1.6 crop sensor
14 mm 27 seconds
24 mm 16 seconds
50 mm 8 seconds

1.5 crop sensor
14 mm 29 seconds
24 mm 17 seconds
50 mm 8 seconds

Cameras with Full Frame (FF) sensors, simply divide 600 by the ?? mm lens

                                                     Cameras without crop factor

14 mm 43 seconds
24 mm 25 seconds
50 mm 12 seconds

                                                         50mm lens = 50mm focal length              600 ÷ 50mm        =       12 secs


600 Rule 
"calculating for star point images,
                photos with very little star movement"

for this photo, APS-C camera, 50mm focal length,
600 ÷ 50 x 1.5 = 8 seconds is the longest exposure for a 50mm lens in order to have “Star Points” with very little movement

for this photo, FFcamera, 50mm focal length,
600 ÷ 50 x 1.5 = 12 seconds is the longest exposure for a 50mm lens in order to have “Star Points” with very little movement

~~~Keep Looking UP

return to:    Robert Howell Photography.com 



“Everything you can imagine is real.”
~~~ Pablo Picasso

LuminBeings™ on the playground

There’s something mystical about Night Sky Landscapes. 
Appreciating the space above, its connection with us, and time itself...

In Night Photography workshops I share how photography opens up the world
in a whole new light and thought.  Allowing yourself to be framed by the night,
embrace its essence and reawaken your ability to receive images and sensations
that are not typically perceived through sight, hearing, or other senses... 

return to:  Robert Howell Photography.com              

for more information drop me a line

"Keep Looking UP"





GOT Ice Tea ?

When you look at a photo what specifically do you notice?
Do you know what caused you to pause, smile, or grimace?
Be specific about what you've noticed.

"The way we look at photos is the first step towards the way
we recognize scenes in-the-field with camera in-hand.
...and should influence us when we make future images."

Here's an easy acronym to remember;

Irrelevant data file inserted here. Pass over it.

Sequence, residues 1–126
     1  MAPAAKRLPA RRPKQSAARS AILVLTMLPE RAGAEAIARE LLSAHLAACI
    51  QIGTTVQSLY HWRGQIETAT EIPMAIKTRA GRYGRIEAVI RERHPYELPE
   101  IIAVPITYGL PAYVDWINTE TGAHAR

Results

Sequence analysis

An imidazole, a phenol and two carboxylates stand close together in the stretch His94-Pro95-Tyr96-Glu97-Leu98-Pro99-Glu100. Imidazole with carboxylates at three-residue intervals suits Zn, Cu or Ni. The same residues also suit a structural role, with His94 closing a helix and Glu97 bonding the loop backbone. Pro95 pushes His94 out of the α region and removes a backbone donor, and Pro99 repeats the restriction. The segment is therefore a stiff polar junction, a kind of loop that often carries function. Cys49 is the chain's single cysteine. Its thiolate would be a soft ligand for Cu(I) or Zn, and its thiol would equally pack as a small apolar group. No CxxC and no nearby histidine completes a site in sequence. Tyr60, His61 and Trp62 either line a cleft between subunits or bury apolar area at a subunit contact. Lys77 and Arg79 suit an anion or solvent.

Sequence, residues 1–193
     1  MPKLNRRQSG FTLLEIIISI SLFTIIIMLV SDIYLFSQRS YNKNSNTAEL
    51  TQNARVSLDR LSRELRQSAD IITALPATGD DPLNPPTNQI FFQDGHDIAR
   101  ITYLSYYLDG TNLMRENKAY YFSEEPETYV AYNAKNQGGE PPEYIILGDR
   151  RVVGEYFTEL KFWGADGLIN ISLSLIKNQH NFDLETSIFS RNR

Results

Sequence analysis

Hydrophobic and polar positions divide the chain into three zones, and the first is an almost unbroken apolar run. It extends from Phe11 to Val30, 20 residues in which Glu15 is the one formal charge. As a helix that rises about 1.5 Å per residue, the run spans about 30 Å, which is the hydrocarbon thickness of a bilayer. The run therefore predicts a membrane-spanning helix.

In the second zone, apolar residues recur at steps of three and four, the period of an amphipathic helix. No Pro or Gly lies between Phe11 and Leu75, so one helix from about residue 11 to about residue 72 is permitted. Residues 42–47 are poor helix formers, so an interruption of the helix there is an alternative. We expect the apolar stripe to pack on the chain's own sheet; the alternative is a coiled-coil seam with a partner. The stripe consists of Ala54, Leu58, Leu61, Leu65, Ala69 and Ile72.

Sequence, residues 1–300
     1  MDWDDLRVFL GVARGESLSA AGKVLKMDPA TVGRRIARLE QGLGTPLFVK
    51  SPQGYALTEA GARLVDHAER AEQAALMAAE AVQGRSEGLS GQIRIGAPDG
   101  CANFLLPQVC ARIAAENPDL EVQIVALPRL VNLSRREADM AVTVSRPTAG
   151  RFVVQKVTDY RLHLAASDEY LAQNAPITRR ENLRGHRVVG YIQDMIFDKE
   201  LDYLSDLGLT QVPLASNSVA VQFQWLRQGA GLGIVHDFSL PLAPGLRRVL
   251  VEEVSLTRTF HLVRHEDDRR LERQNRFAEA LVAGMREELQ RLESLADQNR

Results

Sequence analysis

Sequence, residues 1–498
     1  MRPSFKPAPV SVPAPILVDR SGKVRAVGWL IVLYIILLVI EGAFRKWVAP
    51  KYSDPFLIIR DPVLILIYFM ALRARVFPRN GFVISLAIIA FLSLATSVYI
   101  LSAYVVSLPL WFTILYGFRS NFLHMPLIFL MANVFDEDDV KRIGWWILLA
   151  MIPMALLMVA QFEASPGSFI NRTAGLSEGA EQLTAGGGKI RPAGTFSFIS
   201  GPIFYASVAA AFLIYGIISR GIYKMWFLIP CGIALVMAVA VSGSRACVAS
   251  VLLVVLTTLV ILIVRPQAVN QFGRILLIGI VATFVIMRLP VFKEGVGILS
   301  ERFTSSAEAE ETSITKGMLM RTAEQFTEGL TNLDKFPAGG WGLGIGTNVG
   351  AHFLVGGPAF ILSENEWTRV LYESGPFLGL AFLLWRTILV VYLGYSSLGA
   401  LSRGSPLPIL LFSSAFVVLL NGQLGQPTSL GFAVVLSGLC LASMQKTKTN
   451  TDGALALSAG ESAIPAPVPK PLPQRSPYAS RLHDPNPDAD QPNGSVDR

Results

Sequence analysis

"ice tea" [ I-C-T ]   IMPACT -------- COMPOSITION -------- TECHNIQUE

Did you notice any of these?

-------- IMPACT --------
Does the image “grab” you, the viewer, and demand attention?
• Is attention drawn to the intended subject making it the center of Interest?
• A this a unique/creative way of looking at a subject or object?
• Does this, or would another viewpoint/perspective add impact?
• Does the image stand out, is it more 'original' than others?

-------- COMPOSITION --------
Is the Placement or Posing of subject well executed / interesting?
What elements were used (or are needed) to make it a strong image?
• Is it clear what the main subject or story is?
• Intentional Arrangement • Rule of thirds (no "bulls eye/centered subject")
• Golden Mean
• Lead-in line   • ‘S’ Curve for depth
• Cropping
• A Foil (block) on right side (ie., tree, building, etc)
• A Low or High Horizon
• Light-to-dark   • Shadows
• Specific Details
• A Person to add scale and depth
• Framing (ie., tree branches) [sharp/not blurred]
• Space in front of moving subjects
• Harmony Complimentary colors or other interesting combinations

What elements should be avoided?
middle horizon, bull’s eye, background sunspots, blown-out hot spots,
tops of heads with horizon, unsharp framing, unbalanced weight on one side,
merging subject with frame edge, heavy/dark object across foreground...

-------- TECHNIQUE --------
Proper contrast, clarity, exposure for the subject or mood of the image.
What elements are used, or needed to make it a stronger image?
• Focus? • Exposure (over? under?)
• DOF (depth-of-field)?
• White Balance?
• Sharpness? • Lighting?
• Straight Horizon? (does not mean centered in the middle of the image)
• Filter use? • Polarizer? • Catch light?
• Detail seen in highlights and shadows? • Reflector usage?
• Post Processing techniques?
• Nice contrast?
• Natural colors? • Saturation? Tint? • Quality white and true blacks? 

return to:  Robert Howell Photography.com              

for more information drop me a line

"See you out there"






Photographing Fireworks

Quick tips:
-- Use a tripod and a bubble level for even horizons 
--  Use a cable release or a wireless remote to eliminate wiggles
--  Bring an extra camera battery
-- Manual focus on a distant light

-- Start with f / 8, ISO 200, shutter-speeds of 3, 5, 10 sec
-- Then use f/11 and f/16 to create darker skies
-- Open shutter when you see the launch trail
-- Close it after the burst trails off

-- Start with a wide angle lens
-- Switch to a zoom lens for close-ups
-- Watch for patterns and height to anticipate the next bursts
-- Then use higher ISO’s 400 & 800 if it’s windy 

to freeze bursts before they drift

--  To add special effects tap your tripod or 
--  Move your focus-to-unfocus during exposure
--  Don't take time to delete images while you are out there

--  Include foreground for a sense of scale, location and mood 
--  Silhouettes are cool. Kneel down and catch some hats and pointing arms